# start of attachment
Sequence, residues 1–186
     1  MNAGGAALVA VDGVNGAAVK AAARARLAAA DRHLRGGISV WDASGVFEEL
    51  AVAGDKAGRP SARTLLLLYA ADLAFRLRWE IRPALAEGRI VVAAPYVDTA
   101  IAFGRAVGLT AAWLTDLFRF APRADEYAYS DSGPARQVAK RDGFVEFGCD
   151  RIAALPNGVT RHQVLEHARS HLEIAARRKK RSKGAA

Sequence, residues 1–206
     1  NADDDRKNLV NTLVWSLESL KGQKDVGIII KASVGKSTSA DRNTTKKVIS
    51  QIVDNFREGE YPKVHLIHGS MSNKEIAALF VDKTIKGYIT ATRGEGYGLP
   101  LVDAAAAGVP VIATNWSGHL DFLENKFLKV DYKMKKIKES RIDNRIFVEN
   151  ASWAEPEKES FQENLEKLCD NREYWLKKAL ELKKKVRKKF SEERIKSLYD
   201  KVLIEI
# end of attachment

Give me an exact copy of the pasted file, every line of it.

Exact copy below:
Sequence, residues 1–186
     1  MNAGGAALVA VDGVNGAAVK AAARARLAAA DRHLRGGISV WDASGVFEEL
    51  AVAGDKAGRP SARTLLLLYA ADLAFRLRWE IRPALAEGRI VVAAPYVDTA
   101  IAFGRAVGLT AAWLTDLFRF APRADEYAYS DSGPARQVAK RDGFVEFGCD
   151  RIAALPNGVT RHQVLEHARS HLEIAARRKK RSKGAA

Sequence, residues 1–206
     1  NADDDRKNLV NTLVWSLESL KGQKDVGIII KASVGKSTSA DRNTTKKVIS
    51  QIVDNFREGE YPKVHLIHGS MSNKEIAALF VDKTIKGYIT ATRGEGYGLP
   101  LVDAAAAGVP VIATNWSGHL DFLENKFLKV DYKMKKIKES RIDNRIFVEN
   151  ASWAEPEKES FQENLEKLCD NREYWLKKAL ELKKKVRKKF SEERIKSLYD
   201  KVLIEI